Gibela appoints 32 local suppliers for R51 billion PRASA contract

Makes progress towards meeting local content target and reinforces company’s commitment to economic development.

The first 32 South African suppliers in the R51 billion contract to provide local content for 600 new passenger trains being built by Gibela for the Passenger Rail Authority of South Africa (PRASA) have been appointed.

In terms of Gibela’s contract with PRASA, the first 20 new trains are being built in Brazil and the balance of 580 at Gibela’s new South African manufacturing facility at Dunnottar in Ekurhuleni. South African-made components are being made in South Africa, using South African materials, and are being shipped to Brazil for the first 20 trains.

Gibela CEO Marc Granger says his company has no contractual obligations to add local content to the Brazilian-built trains. However, Gibela took a strategic decision to get a head start, in an effort to ensure that local suppliers are well prepared in terms of technical capability, capacity and investment for what will be an intensive manufacturing programme once local production starts in 2017.


Welcoming the suppliers, Gibela CEO Marc Granger said that, in just two years, Gibela’s journey in delivering the next generation of trains to South Africa’s rail-commuter public has gained momentum on all fronts and in particular, in the sourcing and supply of local equipment and components of a standard that is meeting Gibela’s steep quality and other requirements.

He added: “By producing quality components such as these, local suppliers will – in addition to being able to service Gibela and the South African rail sector as a whole – be able to compete in global markets, opening up real potential for significant exports and resultant foreign exchange earnings for South Africa. We are starting to make very substantial progress in rejuvenating our local rail manufacturing industry’s capabilities and capacity.”

While making it clear his list was not exclusive, Granger flagged a broad range of South African-made components visible inside and outside each train, and others – equally as important but are not visible to passengers – such as batteries, heating and braking systems.

At the peak of production in South Africa, Gibela will be producing 62 cars a year (each train set comprising six cars). For each train that has already been built in Brazil, 22% of procurement spend is on components sourced from South African suppliers, a large percentage on interiors, energy and sheet metal work domains.

Contributing to the success of the suppliers has been the technical advice and assistance provided to them by Gibela itself as part of efforts to develop a robust and sustainable South African supplier base.

Siyahamba Engineering is responsible for the supply of cabin doors and partition walls for the new trains. CEO Julius Motshopi said: “Gibela brought in a specialist from the UK to work with us to help us industrialise and organise ourselves. We have gone through a steep learning curve and developed a good working relationship in the process.”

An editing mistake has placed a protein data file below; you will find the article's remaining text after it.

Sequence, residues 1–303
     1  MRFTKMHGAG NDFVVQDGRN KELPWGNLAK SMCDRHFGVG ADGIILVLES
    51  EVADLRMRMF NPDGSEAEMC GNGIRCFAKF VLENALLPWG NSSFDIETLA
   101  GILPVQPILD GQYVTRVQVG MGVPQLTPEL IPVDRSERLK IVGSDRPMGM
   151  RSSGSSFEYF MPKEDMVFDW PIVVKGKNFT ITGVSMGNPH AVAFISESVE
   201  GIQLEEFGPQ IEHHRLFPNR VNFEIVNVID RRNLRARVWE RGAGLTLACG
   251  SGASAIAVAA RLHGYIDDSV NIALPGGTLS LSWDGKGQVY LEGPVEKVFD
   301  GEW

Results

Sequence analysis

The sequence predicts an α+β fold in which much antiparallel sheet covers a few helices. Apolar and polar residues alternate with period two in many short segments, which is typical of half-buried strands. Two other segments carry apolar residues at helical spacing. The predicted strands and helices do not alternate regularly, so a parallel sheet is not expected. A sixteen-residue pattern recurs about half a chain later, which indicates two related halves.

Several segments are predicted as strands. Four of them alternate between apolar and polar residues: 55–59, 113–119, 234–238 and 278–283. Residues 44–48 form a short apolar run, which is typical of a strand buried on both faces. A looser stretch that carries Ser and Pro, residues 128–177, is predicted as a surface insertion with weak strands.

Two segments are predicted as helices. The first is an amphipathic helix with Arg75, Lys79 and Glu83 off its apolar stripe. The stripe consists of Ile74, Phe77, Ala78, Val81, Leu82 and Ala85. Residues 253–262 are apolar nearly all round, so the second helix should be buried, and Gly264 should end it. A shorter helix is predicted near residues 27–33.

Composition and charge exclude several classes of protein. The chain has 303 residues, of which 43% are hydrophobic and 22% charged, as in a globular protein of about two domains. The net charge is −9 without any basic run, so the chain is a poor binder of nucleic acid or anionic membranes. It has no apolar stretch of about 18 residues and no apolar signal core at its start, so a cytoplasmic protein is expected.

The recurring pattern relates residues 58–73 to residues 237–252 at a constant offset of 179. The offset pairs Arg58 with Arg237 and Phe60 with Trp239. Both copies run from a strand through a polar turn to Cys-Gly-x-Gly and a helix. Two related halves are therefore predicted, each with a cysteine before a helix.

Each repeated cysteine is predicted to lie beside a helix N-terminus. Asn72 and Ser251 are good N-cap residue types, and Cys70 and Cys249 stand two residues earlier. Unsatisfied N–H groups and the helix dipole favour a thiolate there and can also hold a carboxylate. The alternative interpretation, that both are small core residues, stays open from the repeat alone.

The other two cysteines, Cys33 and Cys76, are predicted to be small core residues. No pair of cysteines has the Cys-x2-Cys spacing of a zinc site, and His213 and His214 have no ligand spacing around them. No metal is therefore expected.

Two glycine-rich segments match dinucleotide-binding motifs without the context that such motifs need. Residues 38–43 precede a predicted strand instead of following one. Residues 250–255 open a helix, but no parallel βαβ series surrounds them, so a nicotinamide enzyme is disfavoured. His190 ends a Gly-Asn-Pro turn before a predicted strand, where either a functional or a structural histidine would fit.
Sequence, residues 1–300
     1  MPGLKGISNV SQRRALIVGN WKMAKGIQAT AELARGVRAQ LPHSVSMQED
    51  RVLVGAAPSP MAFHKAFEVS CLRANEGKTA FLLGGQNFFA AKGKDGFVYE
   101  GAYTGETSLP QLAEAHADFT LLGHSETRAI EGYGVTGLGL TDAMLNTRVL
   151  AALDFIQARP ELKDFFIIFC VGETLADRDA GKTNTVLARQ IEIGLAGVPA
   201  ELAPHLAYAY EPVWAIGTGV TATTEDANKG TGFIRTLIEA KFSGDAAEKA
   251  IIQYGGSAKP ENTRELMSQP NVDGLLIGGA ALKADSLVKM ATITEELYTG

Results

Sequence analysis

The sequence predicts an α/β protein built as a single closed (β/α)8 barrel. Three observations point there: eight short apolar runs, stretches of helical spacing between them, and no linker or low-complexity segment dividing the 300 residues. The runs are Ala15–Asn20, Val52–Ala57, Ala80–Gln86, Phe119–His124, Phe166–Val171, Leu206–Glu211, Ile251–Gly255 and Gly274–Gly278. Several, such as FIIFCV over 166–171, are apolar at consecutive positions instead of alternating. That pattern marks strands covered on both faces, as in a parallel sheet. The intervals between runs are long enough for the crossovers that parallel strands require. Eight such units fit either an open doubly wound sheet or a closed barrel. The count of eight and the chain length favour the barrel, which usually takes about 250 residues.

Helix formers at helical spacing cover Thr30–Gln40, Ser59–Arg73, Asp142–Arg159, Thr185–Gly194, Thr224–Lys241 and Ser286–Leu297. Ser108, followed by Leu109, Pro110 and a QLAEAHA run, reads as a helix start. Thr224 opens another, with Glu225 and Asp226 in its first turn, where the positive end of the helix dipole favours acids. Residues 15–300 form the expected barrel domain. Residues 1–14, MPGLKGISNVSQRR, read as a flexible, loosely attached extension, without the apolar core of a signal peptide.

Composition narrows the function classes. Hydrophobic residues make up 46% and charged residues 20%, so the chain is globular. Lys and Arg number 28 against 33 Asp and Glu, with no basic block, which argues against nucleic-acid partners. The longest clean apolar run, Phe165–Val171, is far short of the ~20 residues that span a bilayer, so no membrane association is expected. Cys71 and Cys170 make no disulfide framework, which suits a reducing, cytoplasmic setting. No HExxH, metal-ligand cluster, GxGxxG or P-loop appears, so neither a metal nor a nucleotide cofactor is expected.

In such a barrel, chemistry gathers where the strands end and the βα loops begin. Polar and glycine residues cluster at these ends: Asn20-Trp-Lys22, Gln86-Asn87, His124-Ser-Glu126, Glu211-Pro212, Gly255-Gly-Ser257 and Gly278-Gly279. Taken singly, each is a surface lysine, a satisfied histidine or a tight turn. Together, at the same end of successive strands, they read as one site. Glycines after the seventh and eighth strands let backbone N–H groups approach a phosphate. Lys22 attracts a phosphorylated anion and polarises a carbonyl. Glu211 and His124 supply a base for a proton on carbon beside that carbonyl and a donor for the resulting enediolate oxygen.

LED Lighting SA, a Cape Town-based medium-sized company, supplies Gibela with one of the world’s first set of exterior LED lights to comply to international rail standards. CEO Andrew Glenday commented: “There’s much more of a buzz in South Africa around rail and I believe that well-structured investment in our local rail business will be repaid many times over through export, employment, skills development and even intangibly in national pride.”

“I am proud of the offices and factory we have set up. They are as well established as any factory in the United States or Europe; we’re making world-class products and we are gearing up to export.”

At full production locally, Gibela anticipates that a panel comprising 200 local suppliers will be manufacturing equipment and components for the 580 locally produced trains from 2018 onwards.

The list of the local suppliers to Gibela includes:
Siyahamba Engineering – cabin doors, cabin interiors, including partition walls; Booyco – saloon heaters, driver footrest; ILVA General Engineering – air tank – reservoirs; KAMA Industries – horns; Profibre – passenger seats, longitudinal benches; KARE – battery box
First National Battery – batteries; Denel – baseboard ducts; Global Composite – luggage racks, equipped ceiling, cab and saloon air ducts; Delberg Engineering – handbar and backrest; Radel – passenger and cab lighting, door light indicator, voltage indicator; Gibs – insulation; Crest Information Systems – door external fairing, extract air duct in cubicle; Laser Junction – brackets, cab foot step; Laser Junction/General Profiling Matla Steel – coupler push back; Laser Junction/SPE – tool box; Jandinox – equipment support; Buzas – obstacle deflector; Columbus/Macsteel – stainless steel ; Arcelor Mittal SA/Macsteel – carbon steel;
LED Lighting – external front/cab lighting; Aberdare – cables, wires; Forminox – piping.

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